Chuck Liddell says UFC’s tough times will pass with promising new fighters

The UFC has really taken it on the chin this year.

Jon Jones was tossed from Saturday’s UFC 200 after flunking a drug test; Conor McGregor lost and got 86’d for not doing press; titan Ronda Rousey lost her title; titan-slayer Holly Holm lost it, too; and Joe Rogan has mused about dropping his commentary mic.

Is this a tough year for the UFC? Let’s ask Chuck Liddell.

“I think it’s a tough year,” the UFC legend and UFC VP of business development answered Friday.

“Jon is his own worst enemy. He can’t seem to get himself under control,” Liddell said. “As far as losing fights, that’s part of the sport. With all this media attention, you’re gonna have people crack.”

Months ago, Vegas ticket brokers salivated at how McGregor and Rousey fights at UFC 200 could be the year’s biggest moneymakers. Then Rousey and McGregor lost, and all that glittered was gone.

“That’s what comes out of it being real. You can’t pick and choose who’s going to win, or who’s gonna mess up. This isn’t WWE where you can control (the action) inside the ring or outside,” Liddell said.

Liddell sees strong up-and-coming fighters on the horizon so he’s still optimistic for the UFC’s year to come, starting with UFC 200.

“Even with losing those names (such as Jones and McGregor), this is probably the deepest card ever. We’ve got more exciting fights, on paper at least, that you could ask for.”

Liddell came to Vegas on Friday to meet fans, pose for photos, and give away tickets while promoting his MMA dark drama “Kingdom,” which just got green-lighted for a third season.

Fans ask him all the time if Liddell in his prime could have beat Jones in his prime.

Answer: “If I’m in my prime, I would have definitely knocked him out.

“I hit too hard for him. I’m longer than he thinks. If he tried to back up, I will put my hands on him, and he’s not going to be able to take me down, and if he does, I’ll get right back up.”


Chicago has been a band for 49 years. They formed when Martin Luther King Jr. was still alive. And the nine-member act still gets along?

“We still stay in the same hotels. We use the same dressing rooms,” says Chicago trumpeter and vocalist Lee Loughnane, as the group prepares to perform Saturday in the Pearl at the Palms ($80-$229).

Chicago’s never had physical fights, only arguments. How do they last?

A. Conflict resolution. If someone tries to leave a room during an argument, “it’s time to give them their space, and let it go, and then they’ll come back,” Loughnane says. “If they’re really off-kilter, you go out and drag their ass back in the room and work it out.”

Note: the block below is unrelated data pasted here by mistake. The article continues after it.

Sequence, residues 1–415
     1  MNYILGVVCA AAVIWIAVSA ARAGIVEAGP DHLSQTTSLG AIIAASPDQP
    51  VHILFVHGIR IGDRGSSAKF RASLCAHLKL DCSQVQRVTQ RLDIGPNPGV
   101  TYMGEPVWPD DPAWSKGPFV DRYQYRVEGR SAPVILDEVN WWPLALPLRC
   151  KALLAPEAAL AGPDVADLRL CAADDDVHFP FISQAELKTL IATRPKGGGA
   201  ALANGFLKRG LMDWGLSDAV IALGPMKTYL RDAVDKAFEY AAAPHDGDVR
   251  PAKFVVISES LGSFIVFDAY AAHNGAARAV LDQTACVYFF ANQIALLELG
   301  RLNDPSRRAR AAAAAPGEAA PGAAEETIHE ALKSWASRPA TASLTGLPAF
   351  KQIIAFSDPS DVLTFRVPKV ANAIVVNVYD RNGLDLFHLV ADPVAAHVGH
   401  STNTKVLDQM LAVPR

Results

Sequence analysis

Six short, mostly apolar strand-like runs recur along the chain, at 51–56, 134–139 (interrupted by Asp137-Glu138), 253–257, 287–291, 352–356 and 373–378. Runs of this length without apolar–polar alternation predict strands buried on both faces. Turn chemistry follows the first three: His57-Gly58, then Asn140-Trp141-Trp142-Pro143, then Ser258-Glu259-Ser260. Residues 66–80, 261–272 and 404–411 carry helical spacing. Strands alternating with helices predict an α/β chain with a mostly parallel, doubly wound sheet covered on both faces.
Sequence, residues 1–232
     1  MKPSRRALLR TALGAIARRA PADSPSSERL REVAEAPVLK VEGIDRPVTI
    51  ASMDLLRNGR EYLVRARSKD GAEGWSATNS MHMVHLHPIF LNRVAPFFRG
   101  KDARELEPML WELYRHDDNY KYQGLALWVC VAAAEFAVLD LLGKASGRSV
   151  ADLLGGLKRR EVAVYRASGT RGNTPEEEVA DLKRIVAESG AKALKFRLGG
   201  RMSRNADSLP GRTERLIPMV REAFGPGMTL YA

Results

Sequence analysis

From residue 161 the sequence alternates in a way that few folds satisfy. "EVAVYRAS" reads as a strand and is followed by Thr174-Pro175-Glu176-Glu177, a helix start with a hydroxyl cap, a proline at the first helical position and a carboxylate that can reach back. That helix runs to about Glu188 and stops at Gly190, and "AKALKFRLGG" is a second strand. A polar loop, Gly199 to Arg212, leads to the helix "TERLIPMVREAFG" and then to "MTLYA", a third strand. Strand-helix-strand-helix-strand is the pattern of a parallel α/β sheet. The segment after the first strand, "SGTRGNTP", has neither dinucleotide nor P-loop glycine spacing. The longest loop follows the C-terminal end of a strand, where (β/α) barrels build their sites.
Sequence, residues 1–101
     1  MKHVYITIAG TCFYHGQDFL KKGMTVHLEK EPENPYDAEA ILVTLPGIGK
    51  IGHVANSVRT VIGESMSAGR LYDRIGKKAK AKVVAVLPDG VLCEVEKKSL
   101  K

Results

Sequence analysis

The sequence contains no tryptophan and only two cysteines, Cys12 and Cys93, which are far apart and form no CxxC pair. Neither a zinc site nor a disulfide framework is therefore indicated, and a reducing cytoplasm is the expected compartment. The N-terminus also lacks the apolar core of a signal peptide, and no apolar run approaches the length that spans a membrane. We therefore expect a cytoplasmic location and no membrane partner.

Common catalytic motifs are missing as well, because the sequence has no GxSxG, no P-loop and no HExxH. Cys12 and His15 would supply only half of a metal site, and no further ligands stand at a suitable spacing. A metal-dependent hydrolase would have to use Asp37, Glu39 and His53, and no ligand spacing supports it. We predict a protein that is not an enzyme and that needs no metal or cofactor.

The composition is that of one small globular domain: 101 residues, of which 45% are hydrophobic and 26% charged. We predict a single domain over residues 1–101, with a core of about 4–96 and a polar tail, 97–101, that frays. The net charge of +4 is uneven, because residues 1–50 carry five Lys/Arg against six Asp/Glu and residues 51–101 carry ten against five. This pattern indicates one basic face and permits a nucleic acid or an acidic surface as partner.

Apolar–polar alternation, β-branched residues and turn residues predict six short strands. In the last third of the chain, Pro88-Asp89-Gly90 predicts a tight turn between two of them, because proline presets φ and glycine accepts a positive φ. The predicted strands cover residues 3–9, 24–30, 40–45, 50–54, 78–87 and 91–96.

B. Ride out tragedies and departures. In 1978, Terry Kath, who sang “Colour My World,” died. Peter Cetera left in the 1980s.

“But the band has always gotten better when somebody leaves, because you can almost feel the unhappiness, and when they go, we can enjoy ourselves again,” Loughnane said.

C. Be artistically compatible and have similar tastes in music.

“We enjoy playing the music as much today as we did the first day we got together, or it wouldn’t work,” he said.

D. Listen first, decide later. Band mates don’t criticize each other while writing, but wait until they listen to the results to ask, “Does it work?”

“It is a creative, collaborative situation where you just listen to somebody’s idea, and sometimes it works, and sometimes it doesn’t. The proof is in when you listen back. If that works, you use it. If not, get another idea and try that. It’s not something where you go, ‘I’m sorry, that sucks.’

“That has happened so few times, I can count it on one hand. Then you forget it and move on. This is music. It’s not brain surgery.”


Wanna party with UFC fighters at UFC 200 afterparties Saturday night?

Reigning bantamweight champ Miesha “Cupcake” Tate will host at Sapphire Showroom in Sapphire strip club, raffling gloves for early customers. Tate also hosts Sunday at Daylight dayclub.

Nick Diaz hosts at Chateau nightclub in the Paris hotel. Red carpet is at midnight.

Anderson Silva hosts at 1 Oak nightclub in The Mirage.

And McGregor hosts in the Wynn’s Intrigue nightclub.


At STK Steakhouse Thursday, Caesars Palace headliner Matt Goss and Britney Spears’ former manager Larry Rudolph collaborated on eating shellfish and tuna tartare with Dover sole, sea bass, rib-eye, cookies, doughnuts and peach sorbet.


After winning a bout Thursday at UFC Fight Night 90, bantamweight Anthony Birchak took friends to the floor-performance Sake Rok in the Park for sushi and sake.

Correction: A previous version of this story called Liddell’s MMA drama “Kingdom Korner.”

Doug Elfman can be reached at He blogs at On Twitter: @VegasAnonymous

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